For stamp payment, we must thus rely on negociation to happen at the application level — inside Mail User Agents (MUAs). Since the whole point of postage is to not be transparent to the user, some MUA integration is necessary, in any case: monetary payment requires fine user control so as to remain safe, human time payment obviously involves user action, and so does whitelist/blacklist management. Now, we'll see that MUA integration already allows to bring most of the advantages of spam control, even without support at the MTA level (indeed, spam may still cause encumbrance of network and waste of computer ressources, but hopefully, this encumbrance will decrease together with the incentive to send spam).

Thus, stamps will be attached with emails in the envelope and headers [12]. Care should be taken to pick an encoding convention that will be respected sufficiently by existing mail processing software (MTAs and MUAs). The stamp will be identified as such in conformance with the EPPP standard, will specify the postage payment method being used (and variant if any), and contain binary data specific to the payment method being used. So as to prevent stamp reuse, the stamp will be clearly associated to the message, using on a message identification number obtained as the checksum of the concatenation of recipient's address, the message sending date, the message ID, and the checksum of the message contents [13]. An expiration date for checking the stamp will ensure that spam cannot be paid for once and sent many times at long time intervals, while the stamp checking software won't have to keep more than a week or two worth of stamp data.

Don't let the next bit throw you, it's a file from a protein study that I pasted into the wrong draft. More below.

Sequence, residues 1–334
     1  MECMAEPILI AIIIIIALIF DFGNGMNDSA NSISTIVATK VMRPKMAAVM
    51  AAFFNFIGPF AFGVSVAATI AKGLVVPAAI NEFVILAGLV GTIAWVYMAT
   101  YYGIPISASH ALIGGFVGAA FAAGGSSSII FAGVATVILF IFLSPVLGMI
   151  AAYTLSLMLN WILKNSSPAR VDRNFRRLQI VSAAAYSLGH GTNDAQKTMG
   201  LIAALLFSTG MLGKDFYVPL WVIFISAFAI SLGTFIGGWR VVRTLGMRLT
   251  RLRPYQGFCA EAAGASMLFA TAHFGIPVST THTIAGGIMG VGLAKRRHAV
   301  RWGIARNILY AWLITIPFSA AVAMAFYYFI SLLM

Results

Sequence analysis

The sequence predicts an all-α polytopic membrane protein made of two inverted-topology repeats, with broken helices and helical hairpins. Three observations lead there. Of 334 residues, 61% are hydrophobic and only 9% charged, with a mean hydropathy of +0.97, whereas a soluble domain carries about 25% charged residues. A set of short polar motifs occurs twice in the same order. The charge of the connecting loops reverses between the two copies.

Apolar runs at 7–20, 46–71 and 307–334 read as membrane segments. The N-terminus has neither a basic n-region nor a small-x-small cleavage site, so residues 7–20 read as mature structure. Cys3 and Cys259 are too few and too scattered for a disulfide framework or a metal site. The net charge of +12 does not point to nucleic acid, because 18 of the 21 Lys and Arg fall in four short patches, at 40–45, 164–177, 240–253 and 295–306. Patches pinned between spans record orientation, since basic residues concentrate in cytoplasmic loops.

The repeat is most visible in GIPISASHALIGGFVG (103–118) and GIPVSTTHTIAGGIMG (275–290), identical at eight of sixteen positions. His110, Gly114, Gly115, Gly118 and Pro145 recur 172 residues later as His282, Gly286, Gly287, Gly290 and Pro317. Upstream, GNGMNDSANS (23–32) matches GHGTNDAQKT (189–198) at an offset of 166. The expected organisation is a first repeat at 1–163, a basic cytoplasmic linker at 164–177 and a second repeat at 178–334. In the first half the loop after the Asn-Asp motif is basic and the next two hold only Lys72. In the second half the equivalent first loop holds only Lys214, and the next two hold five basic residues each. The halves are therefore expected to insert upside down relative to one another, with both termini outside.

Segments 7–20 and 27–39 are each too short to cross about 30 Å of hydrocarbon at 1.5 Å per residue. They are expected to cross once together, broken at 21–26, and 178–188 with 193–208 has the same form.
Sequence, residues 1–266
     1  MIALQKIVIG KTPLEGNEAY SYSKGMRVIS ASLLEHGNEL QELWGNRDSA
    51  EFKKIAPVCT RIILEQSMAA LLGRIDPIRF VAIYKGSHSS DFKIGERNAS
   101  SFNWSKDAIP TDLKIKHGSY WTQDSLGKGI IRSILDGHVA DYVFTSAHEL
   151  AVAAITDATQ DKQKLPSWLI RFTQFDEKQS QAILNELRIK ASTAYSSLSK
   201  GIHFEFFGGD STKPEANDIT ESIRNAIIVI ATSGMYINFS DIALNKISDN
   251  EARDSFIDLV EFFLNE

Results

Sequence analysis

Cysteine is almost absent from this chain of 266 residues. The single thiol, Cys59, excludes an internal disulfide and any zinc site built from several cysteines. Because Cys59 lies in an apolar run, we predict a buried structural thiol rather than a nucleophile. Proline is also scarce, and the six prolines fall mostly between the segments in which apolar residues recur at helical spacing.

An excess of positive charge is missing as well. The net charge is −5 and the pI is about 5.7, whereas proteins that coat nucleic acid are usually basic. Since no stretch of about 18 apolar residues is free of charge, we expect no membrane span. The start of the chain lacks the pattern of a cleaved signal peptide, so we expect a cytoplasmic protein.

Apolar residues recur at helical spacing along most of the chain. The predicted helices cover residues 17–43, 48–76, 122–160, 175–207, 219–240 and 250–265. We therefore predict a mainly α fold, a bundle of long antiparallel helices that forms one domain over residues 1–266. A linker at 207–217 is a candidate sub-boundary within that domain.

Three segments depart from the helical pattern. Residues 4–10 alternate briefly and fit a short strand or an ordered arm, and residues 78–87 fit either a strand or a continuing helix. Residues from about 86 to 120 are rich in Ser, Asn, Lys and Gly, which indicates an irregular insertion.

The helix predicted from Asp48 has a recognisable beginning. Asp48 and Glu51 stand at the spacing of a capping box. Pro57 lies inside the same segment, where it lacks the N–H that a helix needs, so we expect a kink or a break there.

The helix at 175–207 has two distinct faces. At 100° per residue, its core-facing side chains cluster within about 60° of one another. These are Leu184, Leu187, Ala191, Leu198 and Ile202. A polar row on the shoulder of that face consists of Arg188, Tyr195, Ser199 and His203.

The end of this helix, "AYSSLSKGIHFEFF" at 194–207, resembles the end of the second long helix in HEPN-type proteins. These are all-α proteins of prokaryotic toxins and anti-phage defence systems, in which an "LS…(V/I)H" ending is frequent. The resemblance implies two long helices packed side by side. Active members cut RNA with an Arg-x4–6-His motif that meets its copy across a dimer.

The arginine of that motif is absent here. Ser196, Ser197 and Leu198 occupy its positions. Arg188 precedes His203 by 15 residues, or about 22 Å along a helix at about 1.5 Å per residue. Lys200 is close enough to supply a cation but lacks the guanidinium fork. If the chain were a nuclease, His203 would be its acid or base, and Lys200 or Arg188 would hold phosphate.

In the case of monetary payment, the method-specific data may be a certified cheque to be drawn from the sender's account by the recipient, or a receipt referring to a payment already done to the recipient's postage account. The recipient's postage software will then bank the cheque or check the receipt before to accept the email for actual processing. To reduce the number of unnecessary transactions, the recipient may also refrain from banking the cheque before its expiration date, or return the stamp money immediately (hopefully, the monetary payment system will make such null transactions very cheap or free). In the case of payment in human or computer time, the data will be an identifying cookie returned by the certification website where the sender spent time; this cookie was given depending on the message identification number, and is easily checkable by the recipient even without access to the website where payment is done (e.g. the message identification number, optionally combined by cryptographic means with a secret number known to the recipient only). In case the message didn't have proper postage, the automatic administrative reply will point to URLs where to pay postage for the message without having to resend; or the sender's software may send a subsequent administrative email that contains postage for the previous message.